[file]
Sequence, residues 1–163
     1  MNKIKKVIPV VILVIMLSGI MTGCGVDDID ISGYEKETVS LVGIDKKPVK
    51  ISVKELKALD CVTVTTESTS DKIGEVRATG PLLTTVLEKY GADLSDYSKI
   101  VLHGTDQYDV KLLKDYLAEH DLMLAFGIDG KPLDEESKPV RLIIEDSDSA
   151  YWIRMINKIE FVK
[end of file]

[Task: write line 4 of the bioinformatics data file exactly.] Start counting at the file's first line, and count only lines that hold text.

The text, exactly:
   101  VLHGTDQYDV KLLKDYLAEH DLMLAFGIDG KPLDEESKPV RLIIEDSDSA